september 2012

Alcohol consumption and digestive tract cancer

PURPOSE OF REVIEW: The data indicating that alcohol is an important factor increasing the risk to develop gastrointestinal cancer are consolidating. The purpose of this review is to summarize current evidence.

RECENT FINDINGS: Acetaldehyde is the first metabolite of ethanol metabolism and has direct carcinogenic and mutagenic effects by modifying DNA via generation of DNA adducts. Oxidative stress has a prominent role in triggering chronic inflammation and carcinogenesis through formation of reactive oxygen species. Recently published large prospective cohort studies with sufficient statistical power and meta-analyses could refine the knowledge regarding the impact of alcohol on gastrointestinal cancer. Functional genetic variants of alcohol-metabolizing enzymes proved to be associated with increased risk for esophageal and gastric cancer.The highest risk increase for malignancy was observed in the upper aerodigestive tract (oral cavity, pharynx, larynx) and esophagus (squamous cell carcinoma), weaker correlations were established regarding gastric, pancreatic, and colorectal neoplasias.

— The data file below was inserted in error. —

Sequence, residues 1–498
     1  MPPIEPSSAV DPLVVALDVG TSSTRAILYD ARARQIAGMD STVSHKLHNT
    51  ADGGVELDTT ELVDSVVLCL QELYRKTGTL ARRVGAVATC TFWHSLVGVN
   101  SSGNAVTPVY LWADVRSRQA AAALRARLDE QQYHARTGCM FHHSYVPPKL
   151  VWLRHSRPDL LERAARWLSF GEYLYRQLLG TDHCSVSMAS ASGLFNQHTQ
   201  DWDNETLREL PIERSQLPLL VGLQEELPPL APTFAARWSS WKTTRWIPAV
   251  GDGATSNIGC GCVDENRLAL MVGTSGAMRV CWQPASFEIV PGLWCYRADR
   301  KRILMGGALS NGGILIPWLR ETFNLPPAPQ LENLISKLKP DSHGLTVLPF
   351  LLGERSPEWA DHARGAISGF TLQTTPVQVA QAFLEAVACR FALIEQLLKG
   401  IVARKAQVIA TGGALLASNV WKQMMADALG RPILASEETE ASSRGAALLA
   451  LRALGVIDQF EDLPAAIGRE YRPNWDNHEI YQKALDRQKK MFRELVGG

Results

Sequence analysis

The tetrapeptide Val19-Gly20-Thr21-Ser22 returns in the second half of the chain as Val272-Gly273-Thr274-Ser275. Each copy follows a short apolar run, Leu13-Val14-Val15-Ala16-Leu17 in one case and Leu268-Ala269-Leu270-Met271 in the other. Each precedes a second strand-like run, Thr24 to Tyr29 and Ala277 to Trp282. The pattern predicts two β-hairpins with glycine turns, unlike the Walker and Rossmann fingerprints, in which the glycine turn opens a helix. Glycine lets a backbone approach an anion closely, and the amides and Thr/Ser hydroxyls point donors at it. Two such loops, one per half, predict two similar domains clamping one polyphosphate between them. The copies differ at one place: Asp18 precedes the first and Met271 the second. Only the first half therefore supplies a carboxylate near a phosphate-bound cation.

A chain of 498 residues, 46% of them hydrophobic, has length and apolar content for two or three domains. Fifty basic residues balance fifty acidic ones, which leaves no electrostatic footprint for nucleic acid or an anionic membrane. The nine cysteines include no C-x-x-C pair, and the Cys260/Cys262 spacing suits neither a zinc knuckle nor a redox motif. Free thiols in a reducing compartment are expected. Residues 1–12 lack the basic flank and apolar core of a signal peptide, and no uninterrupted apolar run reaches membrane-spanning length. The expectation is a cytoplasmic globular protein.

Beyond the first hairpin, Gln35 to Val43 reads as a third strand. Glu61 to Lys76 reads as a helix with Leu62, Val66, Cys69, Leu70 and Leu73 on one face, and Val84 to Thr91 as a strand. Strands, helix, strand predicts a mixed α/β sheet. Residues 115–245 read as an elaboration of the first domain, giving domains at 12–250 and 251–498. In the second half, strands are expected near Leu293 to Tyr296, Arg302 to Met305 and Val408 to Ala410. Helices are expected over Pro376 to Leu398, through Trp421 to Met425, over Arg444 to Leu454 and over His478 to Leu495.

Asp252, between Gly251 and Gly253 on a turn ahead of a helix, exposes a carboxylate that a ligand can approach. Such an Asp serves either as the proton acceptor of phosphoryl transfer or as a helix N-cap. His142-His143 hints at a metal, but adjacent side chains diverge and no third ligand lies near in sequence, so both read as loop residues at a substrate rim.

SUMMARY: Alcohol overconsumption is a serious avoidable risk factor for the development of gastrointestinal tract cancer, both alone but even more in combination with other risk factors such as tobacco and obesity.

Additional Info

  • Authors

    Haas S.L.; Ye W.; Lohr J.M.
  • Issue

    Curr.Opin.Clin.Nutr.Metab Care / pages 457-467 / volume 15
  • Published Date

    september 2012